In June, the Law Commission published a consultation document on surrogacy, which is still open for submissions. The premise of the consultation – and indeed of the Government – is that surrogacy is a positive, family-building, option but the current law is too restrictive and needs to be ‘reformed’.
The Consultation paper could hardly be clearer with its title: ‘Building Families through Surrogacy: a new law.’ This is backed up by Government support: ‘The Government supports surrogacy as part of the range of assisted conception options.’
The Law Commission, along with other proponents for change, argues strongly that the current law is out of date and in urgent need of reform: ‘We think that there is a strong case for reform to the law. We believe that the current law is out of date, unclear and not fit for purpose.’ Or, as Sir James Mumby, former President of the Family Division puts it: ‘Our legislation is elderly by any standards. Large-scale legislative reform is essential.’
Two of the main issues that the Law Commission is looking at are payments to surrogates and who are the legal parents of the baby. For the latter, they propose that in principle the ‘intended parents’ will become the legal parents at birth, (rather than after six weeks as at present), thus transferring parental rights immediately to the ‘intended parents’, and away from the surrogate mother.
A helpful CMF blog covers some of the practical and ethical issues in more detail. I want to take a step back however and question the basic assumption that surrogacy is a positive family-building option, to be supported and encouraged.
I have some simple questions about surrogacy which the Law Commission avoids even asking, let alone answering:
Q: Who takes care of the short- and long-term health needs of surrogate women once they have ‘produced’? (A. No-one)
Q: Who will answer the sibling pleading with his mother (see p18): ‘We don’t need the money; can we just keep my brother?’‘ (A. Who can answer this?)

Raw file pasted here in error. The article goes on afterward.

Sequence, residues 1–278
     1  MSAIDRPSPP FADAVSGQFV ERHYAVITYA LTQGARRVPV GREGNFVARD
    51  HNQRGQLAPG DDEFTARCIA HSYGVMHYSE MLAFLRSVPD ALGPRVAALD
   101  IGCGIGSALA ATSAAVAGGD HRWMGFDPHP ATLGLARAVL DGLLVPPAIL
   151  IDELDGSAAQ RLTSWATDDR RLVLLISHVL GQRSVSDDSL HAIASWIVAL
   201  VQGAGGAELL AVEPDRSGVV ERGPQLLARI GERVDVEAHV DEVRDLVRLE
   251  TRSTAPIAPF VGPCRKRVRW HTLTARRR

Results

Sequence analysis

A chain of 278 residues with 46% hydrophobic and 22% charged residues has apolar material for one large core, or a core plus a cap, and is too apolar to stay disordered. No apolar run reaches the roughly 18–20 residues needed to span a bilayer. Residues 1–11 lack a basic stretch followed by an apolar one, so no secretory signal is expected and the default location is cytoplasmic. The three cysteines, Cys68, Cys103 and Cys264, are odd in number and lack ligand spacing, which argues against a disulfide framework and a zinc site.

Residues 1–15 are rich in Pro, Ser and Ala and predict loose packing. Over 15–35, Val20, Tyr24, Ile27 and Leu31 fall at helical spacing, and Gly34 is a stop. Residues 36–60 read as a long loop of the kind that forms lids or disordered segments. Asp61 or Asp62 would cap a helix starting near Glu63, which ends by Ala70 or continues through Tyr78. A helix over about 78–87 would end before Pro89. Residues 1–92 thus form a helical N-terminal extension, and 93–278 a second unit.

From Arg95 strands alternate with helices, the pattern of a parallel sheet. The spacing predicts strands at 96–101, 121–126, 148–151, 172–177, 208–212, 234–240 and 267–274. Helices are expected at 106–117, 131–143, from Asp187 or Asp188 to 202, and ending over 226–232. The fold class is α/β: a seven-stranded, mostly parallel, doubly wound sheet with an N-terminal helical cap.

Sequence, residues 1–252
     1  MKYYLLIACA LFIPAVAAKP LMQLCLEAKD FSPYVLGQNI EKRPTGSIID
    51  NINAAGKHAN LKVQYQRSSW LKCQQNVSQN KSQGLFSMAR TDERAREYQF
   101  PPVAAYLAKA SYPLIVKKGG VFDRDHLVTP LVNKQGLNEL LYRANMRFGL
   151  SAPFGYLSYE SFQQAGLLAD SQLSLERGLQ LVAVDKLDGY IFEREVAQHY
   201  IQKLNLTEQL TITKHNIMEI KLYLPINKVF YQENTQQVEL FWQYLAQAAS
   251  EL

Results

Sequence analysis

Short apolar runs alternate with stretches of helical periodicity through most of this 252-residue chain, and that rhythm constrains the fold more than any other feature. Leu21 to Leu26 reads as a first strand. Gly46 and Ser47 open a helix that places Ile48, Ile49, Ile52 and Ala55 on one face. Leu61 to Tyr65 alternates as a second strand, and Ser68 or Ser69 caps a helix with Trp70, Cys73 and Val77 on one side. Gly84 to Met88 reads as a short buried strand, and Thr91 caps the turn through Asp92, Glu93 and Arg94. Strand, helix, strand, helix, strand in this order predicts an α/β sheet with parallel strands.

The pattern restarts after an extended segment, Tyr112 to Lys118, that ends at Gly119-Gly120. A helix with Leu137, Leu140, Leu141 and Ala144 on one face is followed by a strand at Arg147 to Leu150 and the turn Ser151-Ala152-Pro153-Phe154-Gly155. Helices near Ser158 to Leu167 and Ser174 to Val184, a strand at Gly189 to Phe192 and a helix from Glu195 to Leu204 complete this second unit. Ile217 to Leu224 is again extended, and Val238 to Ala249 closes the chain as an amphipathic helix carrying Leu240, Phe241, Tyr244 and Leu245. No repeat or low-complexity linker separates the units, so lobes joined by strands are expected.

Q: Who are parents nowadays? The biological? The social? The gestational? (A. All of them, including this surrogate mother, eight years after giving birth)
Q: Why do no wealthy women become surrogate mothers? (A. They don’t want to!)
Q: Who has done the research showing that surrogates are not impacted physically and psychologically in the long-term? (A. Very few, and on very few women. There are personal stories though.)
Q: Why do wealthy Westerners go abroad for surrogates? (A. To pay less, avoid restrictions and exercise more control.
Q: Why do Indian women really become surrogates, in a country where it is highly stigmatised? (A. For the money, rarely for altruism or to make other lives ‘whole’)
Q: Who really cares about the mothers and children? (A. A few people, but not enough. Anyone with the illusion that mothers are not impacted by carrying a child for ‘just’ 9 months should read this letter by a surrogate, or this report on international surrogacy)
Q: What and who is really driving the global industry of surrogacy? (A.MONEY, same-sex couples and some heterosexual couples – and not necessarily infertility)
In reality, surrogacy is an exploitative global industry, driven by money and the demands of commissioning ‘parents’. It requires women to become ‘breeders’ and it treats children as commodities. Indeed, I would go so far as to say that in many cases, commercial surrogacy is not too far off buying and selling children.
To read more on the biblical and ethical perspectives surrounding the use of surrogacy, have a look at this CMF briefing paper.
This warning by CS Lewis back in 1943 was highly prescient: ‘What we call man’s power over nature turns out to be a power exercised by some men over other men with nature as its instrument…’
Lewis was right, because the truth is, with surrogacy, one woman’s (or man’s) gain is almost always another one’s loss.